Is it possible our power to empathize with each other is weakening because the digital world is becoming more central to our lives and we increasingly have less of a shared experience in that sphere?
One person who speaks on this topic is Jaron Lanier, who I first discovered watching The Social Dilemma. I took some notes on his points:
…think about Wikipedia. When you go to a page, you’re seeing the same thing as other people. So it’s one of the few things online that we at least hold in common.
Now just imagine for a second that Wikipedia said, “We’re gonna give each person a different customized definition, and we’re gonna be paid by people for that.” So, Wikipedia would be spying on you. Wikipedia would calculate, “What’s the thing I can do to get this person to change a little bit on behalf of some commercial interest?” Right? And then it would change the entry.
Can you imagine that? Well, you should be able to, because that’s exactly what’s happening on Facebook. It’s exactly what’s happening in your YouTube feed.
Later, Jaron says:
And then you look over at the other side [of an argument], and you start to think, “How can those people be so stupid? Look at all of this information that I’m constantly seeing. How are they not seeing that same information?” And the answer is, “They’re not seeing that same information.”
His point, echoed by others, is a good one: we have no way of seeing each other’s social feeds — or any tailored online experience for that matter — so we have lessened powers to empathize with what other people may be thinking or feeling.
After listening to Jaron in the movie, I looked him up and found he has a book titled Ten Arguments for Deleting Your Social Media Accounts Right now with a chapter titled “Social Media is Destroying Your Capacity for Empathy” where he further emphasizes this point:
When we're all seeing different, private worlds, then our cues to one another become meaningless. Our perception of actual reality [outside of the digital] suffers. (55)
You know the admonition: “Don’t judge someone until you walk a mile in their shoes”? The equivalent for our online age is: “Don’t judge someone until you spend a day in their feeds”.
But it’s not exclusively social media which presents customized experiences and content to its users. It’s damn near a best practice to do this in any domain of online experiences: social, financial, e-commerce, journalism, you name it.
For example, I was listening to a talk from 2013 by Jason Cohen titled “Why Data, Statistics and Numbers Can Make You do the Wrong Thing”.
He talks about a practice that has become standard for digital product design: formulate a theory for influencing individual user behavior, design accordingly, and then test and measure if it works, i.e. “how can I take cues from what I know about each user to customize their experience and move them along to accomplishing a task?” The task might be what they, the user, want. But it might also be what we, the site makers, want.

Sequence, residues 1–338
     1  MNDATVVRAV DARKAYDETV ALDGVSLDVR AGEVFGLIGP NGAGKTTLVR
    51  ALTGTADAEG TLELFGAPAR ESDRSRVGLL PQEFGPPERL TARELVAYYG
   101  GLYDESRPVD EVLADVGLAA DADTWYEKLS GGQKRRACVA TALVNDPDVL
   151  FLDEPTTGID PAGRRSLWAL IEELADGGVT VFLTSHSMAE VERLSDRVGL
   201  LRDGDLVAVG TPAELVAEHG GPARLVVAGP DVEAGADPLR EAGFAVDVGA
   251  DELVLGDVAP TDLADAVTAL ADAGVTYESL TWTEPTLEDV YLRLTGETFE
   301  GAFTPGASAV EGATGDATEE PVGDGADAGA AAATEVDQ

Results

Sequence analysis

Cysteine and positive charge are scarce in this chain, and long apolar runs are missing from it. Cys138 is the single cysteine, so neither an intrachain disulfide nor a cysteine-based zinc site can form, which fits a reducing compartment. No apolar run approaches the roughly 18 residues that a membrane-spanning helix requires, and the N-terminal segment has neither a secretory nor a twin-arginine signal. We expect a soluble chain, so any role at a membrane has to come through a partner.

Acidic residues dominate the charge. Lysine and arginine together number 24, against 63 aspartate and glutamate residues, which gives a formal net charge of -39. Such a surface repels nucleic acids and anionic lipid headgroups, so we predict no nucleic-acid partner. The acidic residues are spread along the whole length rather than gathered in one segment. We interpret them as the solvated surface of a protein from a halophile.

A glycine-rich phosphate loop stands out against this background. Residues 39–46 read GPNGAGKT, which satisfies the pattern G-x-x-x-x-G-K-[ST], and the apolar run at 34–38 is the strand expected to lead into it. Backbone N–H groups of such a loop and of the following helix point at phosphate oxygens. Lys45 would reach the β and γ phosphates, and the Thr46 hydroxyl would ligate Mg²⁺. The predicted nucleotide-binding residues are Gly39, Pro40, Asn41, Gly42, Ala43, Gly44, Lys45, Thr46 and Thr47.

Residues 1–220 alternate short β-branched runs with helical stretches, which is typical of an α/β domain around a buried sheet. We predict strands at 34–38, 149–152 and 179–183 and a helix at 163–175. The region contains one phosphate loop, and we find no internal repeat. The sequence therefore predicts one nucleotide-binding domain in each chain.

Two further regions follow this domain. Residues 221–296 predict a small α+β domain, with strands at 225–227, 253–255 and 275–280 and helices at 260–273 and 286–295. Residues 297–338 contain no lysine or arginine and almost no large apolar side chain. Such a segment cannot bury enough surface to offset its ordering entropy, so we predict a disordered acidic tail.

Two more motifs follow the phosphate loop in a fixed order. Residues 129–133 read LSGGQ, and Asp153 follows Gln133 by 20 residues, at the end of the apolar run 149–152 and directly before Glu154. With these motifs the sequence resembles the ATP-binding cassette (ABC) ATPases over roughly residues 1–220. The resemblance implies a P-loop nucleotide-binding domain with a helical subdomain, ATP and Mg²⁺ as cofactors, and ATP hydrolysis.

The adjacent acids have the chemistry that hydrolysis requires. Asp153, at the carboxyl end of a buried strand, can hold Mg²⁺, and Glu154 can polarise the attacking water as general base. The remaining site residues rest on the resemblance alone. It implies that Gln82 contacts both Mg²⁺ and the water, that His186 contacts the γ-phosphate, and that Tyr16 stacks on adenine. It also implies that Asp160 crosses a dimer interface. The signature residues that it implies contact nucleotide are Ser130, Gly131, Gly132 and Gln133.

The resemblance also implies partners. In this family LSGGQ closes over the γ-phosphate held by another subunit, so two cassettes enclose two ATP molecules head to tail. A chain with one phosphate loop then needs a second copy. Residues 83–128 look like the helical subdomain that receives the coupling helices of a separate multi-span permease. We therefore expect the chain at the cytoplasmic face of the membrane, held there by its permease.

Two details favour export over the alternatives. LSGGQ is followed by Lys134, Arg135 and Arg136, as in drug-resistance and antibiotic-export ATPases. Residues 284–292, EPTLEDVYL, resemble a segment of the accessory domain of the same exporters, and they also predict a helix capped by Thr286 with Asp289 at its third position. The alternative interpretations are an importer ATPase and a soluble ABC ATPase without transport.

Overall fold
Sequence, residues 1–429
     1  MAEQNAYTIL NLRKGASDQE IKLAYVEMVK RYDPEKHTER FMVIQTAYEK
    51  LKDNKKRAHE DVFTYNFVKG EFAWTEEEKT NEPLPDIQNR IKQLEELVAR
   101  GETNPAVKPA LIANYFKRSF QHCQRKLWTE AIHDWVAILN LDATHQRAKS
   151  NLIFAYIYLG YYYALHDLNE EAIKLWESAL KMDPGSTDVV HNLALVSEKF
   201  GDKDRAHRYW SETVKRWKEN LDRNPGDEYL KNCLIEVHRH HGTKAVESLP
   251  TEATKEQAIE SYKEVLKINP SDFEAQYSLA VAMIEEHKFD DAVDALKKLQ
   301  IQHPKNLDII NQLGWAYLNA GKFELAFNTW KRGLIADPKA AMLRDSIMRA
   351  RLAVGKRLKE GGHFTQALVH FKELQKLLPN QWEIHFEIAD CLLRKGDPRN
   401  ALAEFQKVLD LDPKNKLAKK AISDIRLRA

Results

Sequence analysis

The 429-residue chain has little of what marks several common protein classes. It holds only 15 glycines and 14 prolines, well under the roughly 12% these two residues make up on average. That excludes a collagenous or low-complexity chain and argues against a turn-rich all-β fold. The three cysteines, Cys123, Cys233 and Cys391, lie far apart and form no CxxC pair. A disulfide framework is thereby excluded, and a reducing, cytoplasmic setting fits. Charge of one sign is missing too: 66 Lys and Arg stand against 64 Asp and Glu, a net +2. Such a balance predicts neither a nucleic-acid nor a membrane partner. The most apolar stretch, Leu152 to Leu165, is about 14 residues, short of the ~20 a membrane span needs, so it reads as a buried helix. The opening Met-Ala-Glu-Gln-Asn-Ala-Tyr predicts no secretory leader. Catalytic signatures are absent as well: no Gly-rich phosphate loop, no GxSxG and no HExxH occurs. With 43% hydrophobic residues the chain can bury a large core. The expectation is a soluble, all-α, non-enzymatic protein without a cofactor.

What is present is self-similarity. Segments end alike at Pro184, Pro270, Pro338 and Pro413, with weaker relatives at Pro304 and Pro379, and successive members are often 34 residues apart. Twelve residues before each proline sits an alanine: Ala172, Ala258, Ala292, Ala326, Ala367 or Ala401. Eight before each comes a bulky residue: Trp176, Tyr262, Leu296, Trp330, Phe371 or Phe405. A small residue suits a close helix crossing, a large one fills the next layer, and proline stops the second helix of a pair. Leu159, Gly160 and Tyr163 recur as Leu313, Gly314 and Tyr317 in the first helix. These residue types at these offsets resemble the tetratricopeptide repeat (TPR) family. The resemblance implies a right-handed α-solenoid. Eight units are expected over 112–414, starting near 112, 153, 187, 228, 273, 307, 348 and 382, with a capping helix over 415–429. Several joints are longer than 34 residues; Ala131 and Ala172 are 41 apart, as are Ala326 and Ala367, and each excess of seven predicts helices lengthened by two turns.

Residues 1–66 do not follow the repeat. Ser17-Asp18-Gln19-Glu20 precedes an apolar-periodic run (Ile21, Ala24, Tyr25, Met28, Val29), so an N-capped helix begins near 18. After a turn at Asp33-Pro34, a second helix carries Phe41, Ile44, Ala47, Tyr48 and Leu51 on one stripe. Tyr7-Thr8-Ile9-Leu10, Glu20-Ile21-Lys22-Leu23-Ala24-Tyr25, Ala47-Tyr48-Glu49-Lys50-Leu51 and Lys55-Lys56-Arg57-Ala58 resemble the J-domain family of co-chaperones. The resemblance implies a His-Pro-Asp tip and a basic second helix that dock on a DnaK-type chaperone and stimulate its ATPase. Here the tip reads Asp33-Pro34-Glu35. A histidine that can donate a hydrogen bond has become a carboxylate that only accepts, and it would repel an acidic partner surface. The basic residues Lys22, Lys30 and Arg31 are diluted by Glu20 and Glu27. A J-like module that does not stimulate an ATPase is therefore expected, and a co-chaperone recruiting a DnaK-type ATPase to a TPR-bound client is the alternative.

when the customer gets to the pricing page, [maybe I think] they are ready or a hard sale [so] I should change the headline, for example, to ‘Buy Now’…Or [maybe] I want to funnel them in to do a certain action or a certain button, so I’d remove a certain side bar because I want to focus them…Maybe I think people who come from this traffic source may be interested in seeing ‘x’ next. People who have just searched for security might want to see a landing page that has a testimonial from a customer about security or a big list of stuff that we do about security. Or [maybe] I think that people from the UK would like a landing page where we use too many vowels in the word color…[maybe] I think that at this point the person would like to chat with a human, and again that’s a tricky one right? On a homepage is a chatbox that pops right up…is that good or bad? It might piss people off – but it might engage more people.
As you can see, it’s not exclusively social media feeds which are tailored to individuals. Increasingly businesses of all kinds are using technology to customize and cater to every facet of an individual’s circumstances.
- This person came from source ___? [algorithm runs] They're likely interested in ___, show them that.
- This person searched for ___? [algorithm runs] They’re probably interested in ___, show them that.
- Show this person ___ and show that person ___ and let’s look at the data and see how people react to those different experiences.
Add up how all these data points shape what ultimately gets delivered digitally to someone and you can see how we’re all living in worlds that look different from each other.
From social media posts to search engine results to media recommendations to online marketplaces. Even in “boring” industries like insurance or health I’m sure there are lots of algorithms or A/B tests running to show different things to different people.
I know many modern applications are so customized for end users, that there’s no way anybody can jump into production and get a representative view of what any one person will see at any moment in time. What you see is subject to a million different factors, data points, and feature flags. There is no one Facebook, there are a billion Facebooks.
I’m not advocating that any kind of customization is a bad thing. I’m merely noting there are side effects to practices we often think to be solely beneficial — “this could only ever be good for everyone” is a common refrain in tech.
As our world moves more towards virtual reality and the metaverse, it’s possible we will end up standing in the same virtual place together and see two very different realities.
How hard will it be to empathize with each other then?